Elizabeth Ann Pfeifer was last seen in the early morning hours of April 12, 1986. She left a party in Katy, Texas, with a man she didn’t know. Although she went to the party with several friends, she chose to leave with a stranger.
Investigators have relied heavily upon James Wesley Hopgood’s statement. (Hopgood is the man she left the party with.) We are certain Hopgood took Elizabeth to his garage apartment on Telephone Road, in Southeast Houston. We know she spent time with Hopgood, partying and having sex. Hopgood alleges that sometime around 3 a.m. on April 12, he returned to Katy with my sister.
According to Hopgood, Elizabeth got out of Hopgood’s vehicle at a gas station on Mason Road. Hopgood said Elizabeth seemed familiar with another person at the gas station, a man driving a brown pickup truck. Elizabeth, Hopgood said, got into the brown pickup and left with the man.
Hopgood was interviewed in the early weeks after Elizabeth went missing, but because there was no evidence of a crime, only his statement was taken. I insisted that police search his vehicle and home, but police refused, stating “without evidence, there is no crime. Without a crime, we have no right to search Hopgood’s belongings.”
Police let a dangerous man run free, as you will see later in this story. It’s ironic how things play out, because had police investigated my sister’s case (probable homicide) properly in 1986, Hopgood wouldn’t have inflicted more violence upon innocent people.
The problem with this account is twofold: Hopgood’s timeframes are incorrect when compared to those given by witnesses at the party, and Captain Dickerson says in 1986, the area on Mason Road was undeveloped and gas stations were not open that late. Elizabeth and her group of friends arrived at the party some time between midnight and 1 a.m., April 12, 1986. Elizabeth was seen leaving with Hopgood approximately an hour after the group arrived. If Hopgood indeed brought Elizabeth back to Katy from his apartment on Telephone Road in Houston, there is no way he and my sister could have made the journey to his apartment, had sex and did drugs, and then made the journey back by 3 a.m. Hopgood has been interviewed multiple times by the initial investigators and by Captain Dickerson. Hopgood either “doesn’t remember” or sticks with the initial statement he gave to police.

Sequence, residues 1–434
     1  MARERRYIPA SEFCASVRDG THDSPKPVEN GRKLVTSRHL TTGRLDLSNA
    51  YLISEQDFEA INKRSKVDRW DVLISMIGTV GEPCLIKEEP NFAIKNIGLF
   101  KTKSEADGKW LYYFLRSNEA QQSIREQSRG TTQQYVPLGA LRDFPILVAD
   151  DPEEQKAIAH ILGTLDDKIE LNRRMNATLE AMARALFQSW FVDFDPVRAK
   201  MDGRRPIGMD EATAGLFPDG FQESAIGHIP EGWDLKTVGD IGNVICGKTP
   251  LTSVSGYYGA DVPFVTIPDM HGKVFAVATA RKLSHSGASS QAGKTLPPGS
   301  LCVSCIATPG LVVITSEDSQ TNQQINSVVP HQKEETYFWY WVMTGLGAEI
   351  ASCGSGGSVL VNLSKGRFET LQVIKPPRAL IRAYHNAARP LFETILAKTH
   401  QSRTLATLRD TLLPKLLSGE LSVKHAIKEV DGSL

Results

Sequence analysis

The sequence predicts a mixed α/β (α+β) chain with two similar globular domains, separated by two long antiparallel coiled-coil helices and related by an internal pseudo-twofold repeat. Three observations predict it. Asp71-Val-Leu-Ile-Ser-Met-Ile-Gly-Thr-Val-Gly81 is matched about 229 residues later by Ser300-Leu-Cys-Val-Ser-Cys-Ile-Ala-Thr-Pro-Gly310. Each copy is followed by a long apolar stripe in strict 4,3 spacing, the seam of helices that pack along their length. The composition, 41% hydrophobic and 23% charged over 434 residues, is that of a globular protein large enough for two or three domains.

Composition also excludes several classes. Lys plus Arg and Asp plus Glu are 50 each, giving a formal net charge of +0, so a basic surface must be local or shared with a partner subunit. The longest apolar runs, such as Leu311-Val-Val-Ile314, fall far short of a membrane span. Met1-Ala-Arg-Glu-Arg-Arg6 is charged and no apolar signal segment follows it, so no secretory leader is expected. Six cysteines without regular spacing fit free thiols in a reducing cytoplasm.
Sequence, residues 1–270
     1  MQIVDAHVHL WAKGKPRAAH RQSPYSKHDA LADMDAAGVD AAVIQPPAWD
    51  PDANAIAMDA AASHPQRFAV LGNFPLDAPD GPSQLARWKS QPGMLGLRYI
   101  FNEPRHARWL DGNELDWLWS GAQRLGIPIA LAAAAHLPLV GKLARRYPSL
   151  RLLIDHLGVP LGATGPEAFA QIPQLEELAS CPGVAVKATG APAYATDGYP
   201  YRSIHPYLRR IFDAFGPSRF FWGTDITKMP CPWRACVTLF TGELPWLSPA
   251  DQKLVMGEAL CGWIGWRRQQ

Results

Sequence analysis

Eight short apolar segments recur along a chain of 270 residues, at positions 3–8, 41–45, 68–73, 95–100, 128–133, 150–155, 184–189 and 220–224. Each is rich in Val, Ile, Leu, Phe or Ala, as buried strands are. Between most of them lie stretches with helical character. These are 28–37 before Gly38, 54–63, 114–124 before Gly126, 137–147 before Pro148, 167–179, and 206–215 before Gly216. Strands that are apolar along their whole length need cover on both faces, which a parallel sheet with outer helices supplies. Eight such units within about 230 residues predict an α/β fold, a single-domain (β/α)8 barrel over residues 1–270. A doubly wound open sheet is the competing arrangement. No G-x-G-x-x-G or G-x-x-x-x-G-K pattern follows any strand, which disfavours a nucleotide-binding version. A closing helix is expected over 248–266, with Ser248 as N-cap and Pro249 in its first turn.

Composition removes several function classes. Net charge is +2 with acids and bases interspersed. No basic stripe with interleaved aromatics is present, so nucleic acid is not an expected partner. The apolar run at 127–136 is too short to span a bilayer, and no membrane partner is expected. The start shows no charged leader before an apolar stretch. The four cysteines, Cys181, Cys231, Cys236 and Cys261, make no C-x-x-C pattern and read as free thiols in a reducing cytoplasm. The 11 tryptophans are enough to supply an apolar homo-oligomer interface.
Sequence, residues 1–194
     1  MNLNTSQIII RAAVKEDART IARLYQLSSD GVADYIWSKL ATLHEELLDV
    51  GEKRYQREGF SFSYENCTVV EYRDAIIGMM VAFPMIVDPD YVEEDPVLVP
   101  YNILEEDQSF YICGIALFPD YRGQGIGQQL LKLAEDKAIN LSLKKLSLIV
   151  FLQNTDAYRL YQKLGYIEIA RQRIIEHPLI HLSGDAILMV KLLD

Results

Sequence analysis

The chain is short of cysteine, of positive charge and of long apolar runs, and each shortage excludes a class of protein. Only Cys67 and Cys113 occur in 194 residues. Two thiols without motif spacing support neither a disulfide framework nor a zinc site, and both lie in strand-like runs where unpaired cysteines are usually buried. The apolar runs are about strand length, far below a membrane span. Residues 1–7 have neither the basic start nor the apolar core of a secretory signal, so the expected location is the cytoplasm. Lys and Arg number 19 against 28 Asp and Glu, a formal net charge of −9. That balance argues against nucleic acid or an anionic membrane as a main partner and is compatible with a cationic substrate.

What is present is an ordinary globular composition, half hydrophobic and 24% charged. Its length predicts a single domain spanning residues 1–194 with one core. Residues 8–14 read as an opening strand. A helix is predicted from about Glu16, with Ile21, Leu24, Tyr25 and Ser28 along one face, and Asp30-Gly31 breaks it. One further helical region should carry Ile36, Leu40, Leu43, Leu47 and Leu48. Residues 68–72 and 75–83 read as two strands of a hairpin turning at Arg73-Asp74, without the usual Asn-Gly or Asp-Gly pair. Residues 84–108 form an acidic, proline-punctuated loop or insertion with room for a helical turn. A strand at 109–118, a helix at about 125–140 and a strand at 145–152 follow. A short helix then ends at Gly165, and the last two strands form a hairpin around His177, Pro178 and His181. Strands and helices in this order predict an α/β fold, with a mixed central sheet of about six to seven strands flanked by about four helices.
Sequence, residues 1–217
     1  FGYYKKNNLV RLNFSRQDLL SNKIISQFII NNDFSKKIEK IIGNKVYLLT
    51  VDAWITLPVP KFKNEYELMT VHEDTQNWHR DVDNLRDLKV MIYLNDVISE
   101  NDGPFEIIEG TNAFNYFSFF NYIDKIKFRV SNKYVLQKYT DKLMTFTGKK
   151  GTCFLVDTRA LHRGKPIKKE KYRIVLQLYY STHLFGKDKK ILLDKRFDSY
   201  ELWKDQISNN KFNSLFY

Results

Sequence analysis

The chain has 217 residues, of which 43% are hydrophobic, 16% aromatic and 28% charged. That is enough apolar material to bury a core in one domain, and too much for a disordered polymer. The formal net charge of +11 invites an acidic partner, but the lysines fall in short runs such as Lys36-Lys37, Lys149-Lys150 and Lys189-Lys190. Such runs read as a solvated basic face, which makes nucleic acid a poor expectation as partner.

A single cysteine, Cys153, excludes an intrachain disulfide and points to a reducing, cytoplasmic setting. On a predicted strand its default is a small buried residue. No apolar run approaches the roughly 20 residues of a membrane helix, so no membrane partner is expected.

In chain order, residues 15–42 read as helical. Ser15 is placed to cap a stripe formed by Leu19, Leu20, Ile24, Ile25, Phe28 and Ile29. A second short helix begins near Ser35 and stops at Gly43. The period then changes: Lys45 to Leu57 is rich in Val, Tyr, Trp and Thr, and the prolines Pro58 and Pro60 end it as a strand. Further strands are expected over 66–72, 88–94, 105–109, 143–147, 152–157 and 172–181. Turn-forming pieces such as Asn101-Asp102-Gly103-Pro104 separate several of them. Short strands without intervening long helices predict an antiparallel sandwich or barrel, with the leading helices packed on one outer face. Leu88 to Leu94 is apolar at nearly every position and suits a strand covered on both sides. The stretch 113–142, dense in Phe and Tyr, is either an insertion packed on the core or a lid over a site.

Hopgood’s in prison until 2035 for unrelated crimes. He is, however, a violent and dangerous man, and charged with four counts of aggravated sexual assault. Contrary to what was originally told to me by the first investigative group, Hopgood’s never taken a polygraph. In 2009, he refused investigators’ requests to take one.
It doesn’t add up. I know, in my heart of hearts, what happened. I feel that Hopgood murdered my sister, but I have no proof. Because I have no proof, and because the investigators have no proof, someone got away with murder.
I also do not want my sister’s lifestyle or family issues to cloud this case. At the end of the day, it doesn’t matter whether Elizabeth was drunk, stoned or sober when she left with James Hopgood. What matters is a crime was committed. Every woman deserves to come home – and I feel certain my sister wanted to come home. She relied upon the goodness of a stranger, and that person took advantage of my sister. Her body was probably dumped somewhere, like a piece of garbage.
No one deserves that fate – no one.
It’s frustrating, for all parties, when law enforcement cannot solve a case. Without the cooperation of our witnesses and a suspect, we cannot close this case. I appreciate the information given by the witnesses that have come forward. When I receive news about my sister, it’s a breath of fresh air, even when the information is painful. You who are brave and forthcoming – thank you.
But we need more. My guess is that more people know what happened and more people know the truth. Please be proactive if you know anything about Elizabeth’s case — it goes without saying that I’d love to see the case close while my aging mother is still alive. We also need to know where Elizabeth’s body is – please help our family. Elizabeth deserves a proper burial, and my mother and I want to see the case resolved.
If you have any information on Elizabeth’s case, please contact me via email/telephone, or contact Gay Dickerson at the Katy Police Department (281-391-4848). All tips and leads are welcome.